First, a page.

Using instrument D19 at the ILL (Grenoble, France), a complete and highly redundant neutron dataset was recorded using omega step-scans of 0.07° with an exposure time of 50 seconds per image at a neutron wavelength of 1.17 Å for the majority of the images. The merged data contains a 99.9% complete set of reflections with high redundancy to 1.75 Å resolution. The dataset was processed with the ILL program RETREAT36 and corrected for effective neutron attenuation using PLATON37 with a μ value of 1.54 cm−1 at 1.17 Å wavelength (μ = (∑ (coherent absorption cross section) + ∑ (incoherent absorption cross section)) * n atoms/cell volume). The neutron cross section of 113Cd used was 19800 (+/−400) barn for 1.17 Å wavelength38. The reflection data from RETREAT was converted into mtz format with POINTLESS39 using unit cell parameters refined from the X-ray data (a = 34.44 Å; b = 35.14 Å; c = 43.78 Å, α = β = γ = 90°; P212121). Anomalous pairs were handled separately whilst merging data using SCALA up to a resolution of 1.75 Å. The program MTZ2SCA40 was used to convert the neutron anomalous data mtz file into sca file format for the purpose of compatibility with HKL2MAP41 and SHELXC/D/E21. Data corresponding to a resolution of better than 2.3 Å resolution were excluded from SHELXD for single anomalous dispersion (SAD) calculations. For convenience, SHELXD was directed to search for a single atom of Cd using 10,000 trials and found one position. Density modification was not performed in SHELXE and the resolution was extrapolated to 1.5 Å. The neutron scattering maps calculated using the non-solvent modified experimental phases of the original and inverted hands of the Cd substructure used for the SHELXE run showed clear differences with protein structure features readily identifiable in the map corresponding to the phasing using the inverted hand substructure. This phase set was therefore used thereafter. At the end of the SHELXE run, the correlation coefficient of the best partial structure trace against neutron data was 18.7% with a total of 38 alanine residues built. The output file containing the experimental phases from SHELXE was converted into an mtz file format using F2MTZ (script from T. Grüne). A free Rflag set of reflections of 5% was generated with IMPORT/CCP4. This reflection file was used in ARP/wARP42. Neutron data collection took 13 days, with subsequent integration, neutron attenuation correction and phasing achieved using routine crystallography software in ~2 days. The ARP/wARP model was enhanced with cycles of manual building with COOT together with neutron data refinement with a modified scattering table version of PHENIX.REFINE for the 113Cd isotope (neutron coherent scattering length density of 113Cd is −8.0 fm) with automatic water placement. Model refinement statistics are included in Table 1. The structure has been deposited under PDB accession code 5AI2.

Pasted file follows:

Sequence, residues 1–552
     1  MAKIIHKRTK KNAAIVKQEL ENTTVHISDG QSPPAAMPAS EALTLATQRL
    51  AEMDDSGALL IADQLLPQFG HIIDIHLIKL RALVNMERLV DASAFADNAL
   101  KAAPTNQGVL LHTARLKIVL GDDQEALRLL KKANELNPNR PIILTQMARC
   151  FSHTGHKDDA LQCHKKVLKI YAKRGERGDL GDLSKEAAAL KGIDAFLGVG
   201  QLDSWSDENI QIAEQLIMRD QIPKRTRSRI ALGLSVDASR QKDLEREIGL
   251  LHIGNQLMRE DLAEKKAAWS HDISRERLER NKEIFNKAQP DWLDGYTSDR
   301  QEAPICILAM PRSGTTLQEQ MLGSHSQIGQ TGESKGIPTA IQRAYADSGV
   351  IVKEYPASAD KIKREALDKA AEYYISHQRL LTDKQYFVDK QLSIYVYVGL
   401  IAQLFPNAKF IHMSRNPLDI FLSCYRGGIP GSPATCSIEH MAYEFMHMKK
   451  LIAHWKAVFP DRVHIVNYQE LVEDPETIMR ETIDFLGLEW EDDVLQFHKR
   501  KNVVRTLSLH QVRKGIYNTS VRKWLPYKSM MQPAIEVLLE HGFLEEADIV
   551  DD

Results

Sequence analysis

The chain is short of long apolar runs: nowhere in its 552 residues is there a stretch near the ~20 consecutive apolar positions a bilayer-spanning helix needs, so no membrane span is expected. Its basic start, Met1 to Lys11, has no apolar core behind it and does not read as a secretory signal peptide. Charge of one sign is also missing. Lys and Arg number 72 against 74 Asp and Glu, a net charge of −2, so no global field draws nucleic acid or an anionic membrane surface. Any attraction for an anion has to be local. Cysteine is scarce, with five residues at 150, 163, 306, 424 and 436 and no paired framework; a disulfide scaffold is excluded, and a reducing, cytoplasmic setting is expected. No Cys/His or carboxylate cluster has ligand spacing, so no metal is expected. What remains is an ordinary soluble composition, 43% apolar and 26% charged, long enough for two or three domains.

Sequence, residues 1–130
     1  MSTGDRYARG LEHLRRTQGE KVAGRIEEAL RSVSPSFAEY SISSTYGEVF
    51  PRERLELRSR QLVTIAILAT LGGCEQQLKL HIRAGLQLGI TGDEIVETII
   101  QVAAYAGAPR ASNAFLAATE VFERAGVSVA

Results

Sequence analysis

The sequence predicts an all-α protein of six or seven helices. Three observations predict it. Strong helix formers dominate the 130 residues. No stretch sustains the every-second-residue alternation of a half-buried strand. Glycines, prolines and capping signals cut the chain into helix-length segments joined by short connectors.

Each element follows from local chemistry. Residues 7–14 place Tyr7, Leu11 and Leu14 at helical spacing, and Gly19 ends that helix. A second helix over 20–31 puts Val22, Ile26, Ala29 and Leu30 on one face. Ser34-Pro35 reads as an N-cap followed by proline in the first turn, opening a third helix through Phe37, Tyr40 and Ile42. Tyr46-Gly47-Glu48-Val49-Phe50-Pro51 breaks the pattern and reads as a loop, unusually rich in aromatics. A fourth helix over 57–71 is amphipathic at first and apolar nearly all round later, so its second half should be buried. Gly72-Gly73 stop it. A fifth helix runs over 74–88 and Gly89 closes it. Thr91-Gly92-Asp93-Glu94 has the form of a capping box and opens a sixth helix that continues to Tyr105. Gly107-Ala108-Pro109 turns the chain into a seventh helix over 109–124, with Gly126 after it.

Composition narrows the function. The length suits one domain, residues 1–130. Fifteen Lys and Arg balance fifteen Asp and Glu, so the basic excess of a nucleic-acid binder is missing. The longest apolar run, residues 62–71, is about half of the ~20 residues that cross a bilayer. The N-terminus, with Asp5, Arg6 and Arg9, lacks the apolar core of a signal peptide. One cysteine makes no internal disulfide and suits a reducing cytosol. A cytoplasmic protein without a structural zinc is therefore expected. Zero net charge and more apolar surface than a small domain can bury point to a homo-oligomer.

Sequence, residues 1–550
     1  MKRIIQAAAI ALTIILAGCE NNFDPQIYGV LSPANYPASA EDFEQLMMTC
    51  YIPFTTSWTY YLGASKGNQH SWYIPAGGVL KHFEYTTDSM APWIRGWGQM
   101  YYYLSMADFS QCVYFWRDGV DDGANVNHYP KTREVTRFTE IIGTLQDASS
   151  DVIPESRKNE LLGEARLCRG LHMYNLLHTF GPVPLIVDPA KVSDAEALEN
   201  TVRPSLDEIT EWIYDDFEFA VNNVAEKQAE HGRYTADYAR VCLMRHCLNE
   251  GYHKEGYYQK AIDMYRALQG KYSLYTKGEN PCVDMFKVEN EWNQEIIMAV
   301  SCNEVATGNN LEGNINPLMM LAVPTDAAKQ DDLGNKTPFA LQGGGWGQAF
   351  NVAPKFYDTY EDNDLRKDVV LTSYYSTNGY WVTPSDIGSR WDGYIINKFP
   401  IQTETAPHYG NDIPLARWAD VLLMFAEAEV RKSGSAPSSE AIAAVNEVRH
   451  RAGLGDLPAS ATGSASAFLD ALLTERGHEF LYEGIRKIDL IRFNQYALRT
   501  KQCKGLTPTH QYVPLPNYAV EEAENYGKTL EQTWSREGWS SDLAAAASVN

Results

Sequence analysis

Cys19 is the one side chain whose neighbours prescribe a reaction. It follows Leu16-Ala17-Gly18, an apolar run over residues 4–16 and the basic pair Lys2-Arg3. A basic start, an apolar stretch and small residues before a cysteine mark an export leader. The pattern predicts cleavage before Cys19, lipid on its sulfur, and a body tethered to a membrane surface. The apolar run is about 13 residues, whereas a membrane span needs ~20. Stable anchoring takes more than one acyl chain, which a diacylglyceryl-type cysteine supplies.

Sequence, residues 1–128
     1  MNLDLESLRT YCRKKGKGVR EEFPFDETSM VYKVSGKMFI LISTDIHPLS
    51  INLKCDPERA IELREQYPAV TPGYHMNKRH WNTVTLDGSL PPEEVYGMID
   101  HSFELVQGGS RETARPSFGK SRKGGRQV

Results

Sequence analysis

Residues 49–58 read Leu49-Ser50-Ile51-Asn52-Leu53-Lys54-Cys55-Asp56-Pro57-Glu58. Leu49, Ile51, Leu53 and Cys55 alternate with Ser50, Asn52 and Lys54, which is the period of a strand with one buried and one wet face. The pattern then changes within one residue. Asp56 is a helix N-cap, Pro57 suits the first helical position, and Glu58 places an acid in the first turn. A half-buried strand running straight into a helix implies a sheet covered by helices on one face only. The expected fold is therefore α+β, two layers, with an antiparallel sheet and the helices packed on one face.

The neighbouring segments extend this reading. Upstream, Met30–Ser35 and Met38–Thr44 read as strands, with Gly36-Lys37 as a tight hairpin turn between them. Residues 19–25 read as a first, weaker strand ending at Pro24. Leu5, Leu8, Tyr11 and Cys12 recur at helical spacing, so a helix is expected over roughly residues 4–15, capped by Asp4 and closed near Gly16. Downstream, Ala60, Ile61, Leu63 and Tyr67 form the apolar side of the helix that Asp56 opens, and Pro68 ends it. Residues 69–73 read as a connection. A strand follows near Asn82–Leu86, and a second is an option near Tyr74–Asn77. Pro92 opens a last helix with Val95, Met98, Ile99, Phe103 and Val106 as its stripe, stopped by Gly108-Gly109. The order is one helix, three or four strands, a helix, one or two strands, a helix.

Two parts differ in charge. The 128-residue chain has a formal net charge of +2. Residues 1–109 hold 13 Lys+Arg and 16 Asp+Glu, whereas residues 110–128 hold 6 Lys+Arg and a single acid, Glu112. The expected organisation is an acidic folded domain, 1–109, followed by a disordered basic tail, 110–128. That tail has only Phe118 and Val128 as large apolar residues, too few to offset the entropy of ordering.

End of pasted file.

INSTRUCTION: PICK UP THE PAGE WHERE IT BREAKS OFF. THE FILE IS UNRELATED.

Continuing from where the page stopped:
Additional Information

Accession codes: The diffraction data and refined models have been deposited in the Protein Data Bank with accession codes 5AI2 (neutron), 5AI3 (X-ray).

How to cite this article: Cuypers, M. G. et al. Macromolecular structure phasing by neutron anomalous diffraction. Sci. Rep. 6, 31487; doi: 10.1038/srep31487 (2016).